A new device could soon transform laser skin treatment as we know it.
For more than 40 years, laser-based procedures have been used by dermatologists to effectively remove birthmarks, including port-wine stains, and tattoos. However, this minimally invasive technique has a couple of setbacks — the laser needs to be held at a distance (making it a challenge for the clinician to pinpoint precise locations on the skin), and the laser light poses a risk of eye damage.
But now, researchers from the University of Missouri have developed instruments that transmit laser light into the tissue of the skin through direct contact, which will not only improve the treatment process but will be safer for both professionals and patients.
The system, called sonoillumination, mixes ultrasonic pulsation with a clinical laser and has already been tested on porcine skin tissue samples (since they’re highly similar to human skin). The initial results are “promising for human applications,” according to the press release.
Study authors Nicholas Golda, M.D., an associate professor of dermatology and director of dermatology surgery; Heather K. Hunt, an assistant professor of bioengineering; and Paul J.D. Whiteside, a doctoral candidate, described the new system to Yahoo Beauty. The name “sonoillumination” was chosen to reflect the two elements of the treatment: sound (in the Latin prefix “sono”), which amplifies the laser effects, and illumination.
Along with being a safer treatment, this new procedure is also expected to take even less time compared to the techniques used today. “Our method should allow dermatologists to illuminate larger areas in a shorter time,” the investigators explain. “And our research suggests that the benefits of the ultrasound can be observed immediately, so there is no need for a pre-treatment period with a topical agent that might otherwise lengthen traditional laser procedures without our technology.”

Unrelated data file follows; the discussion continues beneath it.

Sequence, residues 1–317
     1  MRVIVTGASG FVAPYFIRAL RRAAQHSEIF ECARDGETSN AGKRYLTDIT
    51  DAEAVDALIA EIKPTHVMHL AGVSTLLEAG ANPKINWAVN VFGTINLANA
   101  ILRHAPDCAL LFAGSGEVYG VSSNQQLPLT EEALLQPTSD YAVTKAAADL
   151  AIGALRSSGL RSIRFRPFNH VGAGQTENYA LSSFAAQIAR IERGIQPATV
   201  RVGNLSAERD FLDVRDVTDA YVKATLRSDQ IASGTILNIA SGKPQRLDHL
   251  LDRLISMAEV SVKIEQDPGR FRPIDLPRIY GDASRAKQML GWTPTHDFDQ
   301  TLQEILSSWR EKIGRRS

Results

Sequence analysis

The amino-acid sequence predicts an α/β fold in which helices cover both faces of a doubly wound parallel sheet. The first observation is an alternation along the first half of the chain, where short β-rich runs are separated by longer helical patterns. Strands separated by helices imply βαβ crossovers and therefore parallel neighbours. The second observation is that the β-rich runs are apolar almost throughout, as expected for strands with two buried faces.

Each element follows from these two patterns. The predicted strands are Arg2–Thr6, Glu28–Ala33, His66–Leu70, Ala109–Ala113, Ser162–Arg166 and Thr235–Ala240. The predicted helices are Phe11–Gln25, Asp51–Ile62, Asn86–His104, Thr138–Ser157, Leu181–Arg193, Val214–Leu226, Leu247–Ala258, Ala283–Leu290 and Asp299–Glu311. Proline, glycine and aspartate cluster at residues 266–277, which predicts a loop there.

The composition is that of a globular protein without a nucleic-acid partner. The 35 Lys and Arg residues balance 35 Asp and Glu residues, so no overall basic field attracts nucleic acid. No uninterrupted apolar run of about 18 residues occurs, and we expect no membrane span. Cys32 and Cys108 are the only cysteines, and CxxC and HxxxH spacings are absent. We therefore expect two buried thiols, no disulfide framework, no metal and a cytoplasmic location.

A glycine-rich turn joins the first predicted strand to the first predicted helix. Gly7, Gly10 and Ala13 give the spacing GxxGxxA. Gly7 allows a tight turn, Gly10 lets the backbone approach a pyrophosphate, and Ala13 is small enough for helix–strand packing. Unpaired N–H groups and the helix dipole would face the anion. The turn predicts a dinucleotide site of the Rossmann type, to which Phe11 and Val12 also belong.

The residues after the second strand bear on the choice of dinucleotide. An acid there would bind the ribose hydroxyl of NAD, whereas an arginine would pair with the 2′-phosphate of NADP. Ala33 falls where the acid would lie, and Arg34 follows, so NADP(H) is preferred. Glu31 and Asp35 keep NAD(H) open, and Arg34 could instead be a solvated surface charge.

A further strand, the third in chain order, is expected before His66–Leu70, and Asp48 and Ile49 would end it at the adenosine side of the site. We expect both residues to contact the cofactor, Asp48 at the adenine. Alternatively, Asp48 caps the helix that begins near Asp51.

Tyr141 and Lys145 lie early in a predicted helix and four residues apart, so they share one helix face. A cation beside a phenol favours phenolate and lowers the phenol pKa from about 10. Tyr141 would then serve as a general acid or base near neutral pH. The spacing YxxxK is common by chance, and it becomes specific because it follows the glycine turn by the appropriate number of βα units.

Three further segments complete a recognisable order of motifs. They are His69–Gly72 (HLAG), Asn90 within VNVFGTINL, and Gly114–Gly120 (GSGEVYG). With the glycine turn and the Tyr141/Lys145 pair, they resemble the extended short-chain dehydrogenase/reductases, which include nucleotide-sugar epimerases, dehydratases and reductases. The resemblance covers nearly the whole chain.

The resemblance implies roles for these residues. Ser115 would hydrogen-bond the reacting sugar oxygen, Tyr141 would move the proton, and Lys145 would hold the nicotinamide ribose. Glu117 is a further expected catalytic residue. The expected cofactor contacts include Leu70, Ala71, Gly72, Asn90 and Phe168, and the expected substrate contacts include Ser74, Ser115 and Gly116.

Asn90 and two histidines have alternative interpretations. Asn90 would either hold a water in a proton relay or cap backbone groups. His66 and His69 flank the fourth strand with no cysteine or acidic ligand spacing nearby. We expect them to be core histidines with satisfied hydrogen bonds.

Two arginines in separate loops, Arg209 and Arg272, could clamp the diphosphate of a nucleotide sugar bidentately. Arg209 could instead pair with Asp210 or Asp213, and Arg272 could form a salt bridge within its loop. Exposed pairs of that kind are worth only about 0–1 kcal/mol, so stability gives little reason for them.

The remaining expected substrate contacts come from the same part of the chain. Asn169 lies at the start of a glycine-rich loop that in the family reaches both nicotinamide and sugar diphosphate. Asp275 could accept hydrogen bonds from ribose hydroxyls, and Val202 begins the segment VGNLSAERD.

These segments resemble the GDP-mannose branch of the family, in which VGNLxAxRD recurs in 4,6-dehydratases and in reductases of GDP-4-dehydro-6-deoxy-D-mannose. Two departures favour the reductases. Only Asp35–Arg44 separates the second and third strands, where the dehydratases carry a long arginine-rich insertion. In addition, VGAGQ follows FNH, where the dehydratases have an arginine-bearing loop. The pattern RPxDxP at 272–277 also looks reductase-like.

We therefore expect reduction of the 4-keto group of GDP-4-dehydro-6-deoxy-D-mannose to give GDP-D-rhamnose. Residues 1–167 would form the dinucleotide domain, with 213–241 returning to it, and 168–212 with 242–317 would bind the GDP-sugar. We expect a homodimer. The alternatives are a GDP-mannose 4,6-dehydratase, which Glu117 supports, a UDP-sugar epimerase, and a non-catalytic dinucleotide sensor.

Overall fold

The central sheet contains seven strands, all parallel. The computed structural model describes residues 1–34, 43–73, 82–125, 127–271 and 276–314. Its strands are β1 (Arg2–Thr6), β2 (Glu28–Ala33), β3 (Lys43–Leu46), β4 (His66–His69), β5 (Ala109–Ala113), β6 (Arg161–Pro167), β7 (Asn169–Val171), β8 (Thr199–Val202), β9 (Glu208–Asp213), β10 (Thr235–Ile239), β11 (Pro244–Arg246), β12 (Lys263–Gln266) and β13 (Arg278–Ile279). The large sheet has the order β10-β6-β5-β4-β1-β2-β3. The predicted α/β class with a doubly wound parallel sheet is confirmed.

Furthermore, fewer sessions in the doctor’s office may be required with this system, “and this is where real time and cost savings for the patient can be realized with this technology.”
While a clinical trial has yet to be performed, the authors don’t anticipate that adults will experience any new side effects with sonoillumination that do not already occur with existing laser treatments (which can include itching, swelling, acne, and changes in skin color).
“In fact, they may experience fewer side effects, including potentially less painful treatments and less inflammation,” the study authors state. “Additionally, the increased eye safety associated with the waveguide technology that is a component of the sonoillumination project may actually reduce the risks to patients and providers when compared to traditional laser use.”
The team is currently planning a start-up company to commercialize this technique. Now that the effects and benefits of this method have been shown in their lab, the next step involves creating a handheld device, which would then be utilized for a clinical trial.
“Since clinical trials require substantial time and funding, we hope to establish good partnerships with industry to make that a reality,” they say. “Once the trial is done, it will be submitted for FDA approval and hopefully be made widely available to patients shortly thereafter.”
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